Marcus Booth and Henry Kirby in London -
The government of Kazakhstan has confirmed plans to provide generous financial incentives to foreign investors in newly-formed firms, while pledging to reduce state involvement in the broader economy.
Cash-backs of up to 30% will be available for firms investing in entities less than a year old in 14 core sectors – including mining/metallurgy, construction, agriculture and pharmaceuticals – according to Kazakh officials speaking at an investment conference in London.
“We aim to make Kazakhstan one of the top 30 investment destinations in the world,” said Yerlan Sagadiyev, deputy minister of investments and development. “Our ministry’s job is to deliver a package of measures that will take us there.”
Sagadiyev and his colleagues outlined new legislation to encourage both domestic and foreign investors in Kazakhstan over an 8-10 year period – including up to 30% investment cash-backs, corporation and property tax exemptions and visa-free entry for foreign workers.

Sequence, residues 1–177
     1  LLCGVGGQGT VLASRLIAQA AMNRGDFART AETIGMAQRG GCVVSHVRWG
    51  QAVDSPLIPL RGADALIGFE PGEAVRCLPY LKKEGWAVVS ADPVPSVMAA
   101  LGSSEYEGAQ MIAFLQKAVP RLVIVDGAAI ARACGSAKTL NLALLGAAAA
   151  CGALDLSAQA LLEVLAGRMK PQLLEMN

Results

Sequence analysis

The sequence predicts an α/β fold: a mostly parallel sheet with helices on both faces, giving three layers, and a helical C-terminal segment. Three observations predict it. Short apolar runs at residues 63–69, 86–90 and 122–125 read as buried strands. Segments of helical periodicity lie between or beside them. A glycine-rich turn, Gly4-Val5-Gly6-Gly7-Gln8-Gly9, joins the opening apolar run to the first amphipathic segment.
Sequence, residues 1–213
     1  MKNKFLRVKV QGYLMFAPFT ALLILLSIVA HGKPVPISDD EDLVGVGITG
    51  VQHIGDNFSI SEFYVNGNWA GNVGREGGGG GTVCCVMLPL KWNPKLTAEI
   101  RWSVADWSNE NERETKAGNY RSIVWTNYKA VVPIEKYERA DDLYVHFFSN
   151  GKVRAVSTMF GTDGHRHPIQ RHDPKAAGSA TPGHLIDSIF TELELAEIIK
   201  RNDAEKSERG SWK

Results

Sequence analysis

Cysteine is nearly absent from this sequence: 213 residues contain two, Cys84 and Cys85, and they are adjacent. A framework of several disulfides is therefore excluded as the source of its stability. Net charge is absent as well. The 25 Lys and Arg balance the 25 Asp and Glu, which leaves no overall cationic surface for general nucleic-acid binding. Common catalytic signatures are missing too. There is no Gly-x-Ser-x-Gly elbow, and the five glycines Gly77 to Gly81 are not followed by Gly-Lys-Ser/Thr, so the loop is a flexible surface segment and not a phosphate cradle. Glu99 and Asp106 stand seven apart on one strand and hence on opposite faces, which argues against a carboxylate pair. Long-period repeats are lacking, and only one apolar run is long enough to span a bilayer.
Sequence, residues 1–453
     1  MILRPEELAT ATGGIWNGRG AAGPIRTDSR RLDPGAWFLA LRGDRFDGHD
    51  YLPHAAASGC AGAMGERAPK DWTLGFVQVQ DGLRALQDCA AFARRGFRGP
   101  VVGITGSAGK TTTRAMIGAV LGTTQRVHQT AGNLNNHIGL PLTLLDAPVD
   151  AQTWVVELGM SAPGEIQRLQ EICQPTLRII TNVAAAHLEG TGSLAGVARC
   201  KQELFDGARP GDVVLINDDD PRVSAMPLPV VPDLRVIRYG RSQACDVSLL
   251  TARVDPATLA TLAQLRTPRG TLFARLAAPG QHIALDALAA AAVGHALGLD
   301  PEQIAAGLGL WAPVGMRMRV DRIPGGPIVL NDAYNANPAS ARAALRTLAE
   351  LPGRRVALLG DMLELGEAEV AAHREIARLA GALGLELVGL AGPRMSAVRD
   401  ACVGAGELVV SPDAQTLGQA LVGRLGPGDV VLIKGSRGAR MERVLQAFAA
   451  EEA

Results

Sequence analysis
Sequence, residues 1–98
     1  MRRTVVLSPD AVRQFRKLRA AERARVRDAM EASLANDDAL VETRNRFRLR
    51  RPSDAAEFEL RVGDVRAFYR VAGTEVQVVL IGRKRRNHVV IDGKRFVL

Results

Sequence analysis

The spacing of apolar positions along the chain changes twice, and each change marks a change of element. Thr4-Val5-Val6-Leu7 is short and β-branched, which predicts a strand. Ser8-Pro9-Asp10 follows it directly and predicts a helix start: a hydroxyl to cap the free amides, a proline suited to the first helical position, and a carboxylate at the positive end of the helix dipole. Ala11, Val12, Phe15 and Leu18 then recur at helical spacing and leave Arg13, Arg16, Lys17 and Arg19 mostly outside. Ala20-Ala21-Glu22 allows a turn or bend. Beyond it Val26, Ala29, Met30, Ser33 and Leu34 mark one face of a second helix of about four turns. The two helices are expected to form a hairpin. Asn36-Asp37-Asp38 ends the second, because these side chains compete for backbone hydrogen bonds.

To qualify, investments must exceed $20mn with recipient firms formed less than 12 months before and based outside Kazakhstan’s existing special economic zones. While some incentives were introduced in July, specific tax assistance will be valid from January 1, 2015.
Speaking at a panel hosted by Norton Rose Fulbright, Sagadiyev highlighted the Kazakh government’s intention to divest from non-core, non-strategic businesses over the coming decade. “With 30 companies already privatized this year, we are looking to sell over 650 more.”
Sharing a border with Russia, China and the Caspian Sea, Kazakhstan is well-positioned to appeal to investors wanting to tap into the growth opportunities across Eurasia, and is the leading economy in a region set to produce 10% of the world’s oil and gas by 2020.
These latest government efforts to encourage foreign investment follow the successful issue in early October of Kazakhstan’s first Eurobond since 2000, which raised $2.5bn in the form of 10- and 30-year instruments and was heavily over-subscribed.
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